JON:" Yes, that’s correct. Paul found it and rewrote it for "Streets". He added some elements out of my life, the bastard! The song "Tonight he grins again" is the most biographical Jon Oliva song ever. Paul is a terrific story teller. He reads a lot as well. For "Poets And Madmen" we gave him a free hand. Of certain songs there are around 7 different lyrics! We just trust Paul blindly. He’s a band member not being IN the band.

Why actually is he never on stage?

JON: "Because Paul has stage fright and because he is very shy. He rather likes working behind screens. For that matter, "Streets" is my favorite Savatage CD. When it was released the band was on at its top, creatively, as for growth and as for the cast. It was magic. Unfortunately my voice was ruined during the tour following the "Streets" album with all consequences."

Indirect it led to a crack between the band and the label back then Atlantic.

JON: "Yes. While I was telling them all those years it could not go on like this any longer. I knew my voice would give out. After the early cancellation of the "Streets" tour the label wasn’t all of a sudden doing much for us anymore."

JOHNNY: "Which goes to prove that in the music business it’s all about marketing. The music business is made out of assholes screwing bands that don’t have all their stuff in order for the full 100%. One mistake can have extremely harmful consequences. One little misstep can be disastrous."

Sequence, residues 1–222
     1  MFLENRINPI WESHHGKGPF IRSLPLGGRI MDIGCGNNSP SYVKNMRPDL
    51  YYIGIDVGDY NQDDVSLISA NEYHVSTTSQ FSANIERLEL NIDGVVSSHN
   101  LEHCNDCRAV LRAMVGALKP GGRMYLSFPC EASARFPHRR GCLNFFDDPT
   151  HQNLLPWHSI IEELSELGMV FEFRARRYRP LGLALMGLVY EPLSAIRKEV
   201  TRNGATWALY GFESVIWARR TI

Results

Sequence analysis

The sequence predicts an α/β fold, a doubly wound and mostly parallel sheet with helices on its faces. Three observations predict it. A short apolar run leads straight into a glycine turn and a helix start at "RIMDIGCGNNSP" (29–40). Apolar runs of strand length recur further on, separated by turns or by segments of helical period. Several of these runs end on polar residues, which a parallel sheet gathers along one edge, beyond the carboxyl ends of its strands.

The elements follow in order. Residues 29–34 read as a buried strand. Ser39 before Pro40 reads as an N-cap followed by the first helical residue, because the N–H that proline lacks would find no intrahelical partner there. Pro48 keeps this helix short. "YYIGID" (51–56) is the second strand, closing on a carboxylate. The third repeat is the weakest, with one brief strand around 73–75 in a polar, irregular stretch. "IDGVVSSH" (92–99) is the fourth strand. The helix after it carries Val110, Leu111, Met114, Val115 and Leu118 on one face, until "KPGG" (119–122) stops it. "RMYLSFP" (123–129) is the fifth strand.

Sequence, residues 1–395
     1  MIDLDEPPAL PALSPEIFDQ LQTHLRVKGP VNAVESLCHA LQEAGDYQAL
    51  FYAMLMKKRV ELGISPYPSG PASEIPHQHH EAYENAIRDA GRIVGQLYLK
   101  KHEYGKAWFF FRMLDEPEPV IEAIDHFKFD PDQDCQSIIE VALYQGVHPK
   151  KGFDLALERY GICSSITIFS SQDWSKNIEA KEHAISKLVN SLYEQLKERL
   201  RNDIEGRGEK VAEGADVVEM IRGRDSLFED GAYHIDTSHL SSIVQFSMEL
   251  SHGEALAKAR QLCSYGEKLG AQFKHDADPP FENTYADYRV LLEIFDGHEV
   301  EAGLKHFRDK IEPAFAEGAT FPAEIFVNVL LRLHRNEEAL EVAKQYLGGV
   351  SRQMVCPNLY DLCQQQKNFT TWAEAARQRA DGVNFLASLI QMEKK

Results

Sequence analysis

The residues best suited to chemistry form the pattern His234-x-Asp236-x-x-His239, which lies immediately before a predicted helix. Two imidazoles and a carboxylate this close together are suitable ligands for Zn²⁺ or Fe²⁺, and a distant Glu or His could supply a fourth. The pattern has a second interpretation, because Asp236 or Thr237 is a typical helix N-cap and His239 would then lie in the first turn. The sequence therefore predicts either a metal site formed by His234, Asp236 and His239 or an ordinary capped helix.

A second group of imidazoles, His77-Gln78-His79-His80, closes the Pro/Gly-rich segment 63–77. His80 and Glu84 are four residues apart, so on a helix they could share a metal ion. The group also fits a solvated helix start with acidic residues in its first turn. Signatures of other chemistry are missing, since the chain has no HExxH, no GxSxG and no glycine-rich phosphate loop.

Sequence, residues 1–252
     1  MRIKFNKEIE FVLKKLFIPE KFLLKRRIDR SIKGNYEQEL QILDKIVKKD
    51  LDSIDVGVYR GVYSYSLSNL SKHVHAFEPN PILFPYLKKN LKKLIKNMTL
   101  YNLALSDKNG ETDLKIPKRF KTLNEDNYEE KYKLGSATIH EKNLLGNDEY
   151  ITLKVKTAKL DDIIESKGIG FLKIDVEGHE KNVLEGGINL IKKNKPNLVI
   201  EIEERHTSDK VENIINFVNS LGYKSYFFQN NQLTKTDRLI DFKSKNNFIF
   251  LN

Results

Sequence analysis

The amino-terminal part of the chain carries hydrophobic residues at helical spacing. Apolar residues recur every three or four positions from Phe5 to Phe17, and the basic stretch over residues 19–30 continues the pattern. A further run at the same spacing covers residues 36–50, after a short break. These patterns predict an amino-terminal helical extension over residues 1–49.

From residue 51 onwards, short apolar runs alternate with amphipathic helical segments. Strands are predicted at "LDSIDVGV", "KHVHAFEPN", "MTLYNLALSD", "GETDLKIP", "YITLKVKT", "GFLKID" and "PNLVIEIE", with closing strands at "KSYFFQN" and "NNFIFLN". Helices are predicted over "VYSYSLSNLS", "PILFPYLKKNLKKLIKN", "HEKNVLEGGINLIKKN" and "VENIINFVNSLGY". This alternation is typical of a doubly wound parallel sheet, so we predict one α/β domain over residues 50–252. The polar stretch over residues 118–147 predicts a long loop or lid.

JON:" That’s why we have everything perfectly in order at the moment. Not a single piece of the puzzle is missing. Everything is right: our new label, the management, the distribution of the new CD, the tour and even the promotion for "Poets And Madmen". We are doing interviews for the first time in our existence BEFORE the release of the album instead of afterwards in between shows. Because a good album nowadays isn’t good enough anymore. A band has to take care of all facets. I therefore look at the future of Savatage with more faith as ever."

Just the "little" problem of a new singer and a new guitarist......

JON: (Laughing loudly:) "Okay, you got me there! But that I don’t worry about. I know from experience that it will work out eventually. Savatage can look back on many band changes. And we are still here. First as Metropolis, then as Avatar and soon already for 20 years as Savatage (a cross between Sabotage and Avatar, RvH). Twenty years! As I’m feeling right now I can live through another 6 or 7 CD’s. And then I will see further."

Savatage is expected to be playing at the Dynamo Open Air, followed by the summer Graspop Festival and at the end of 2001 they will be back for a headline tour (probably true to tradition in the Tilburg 013).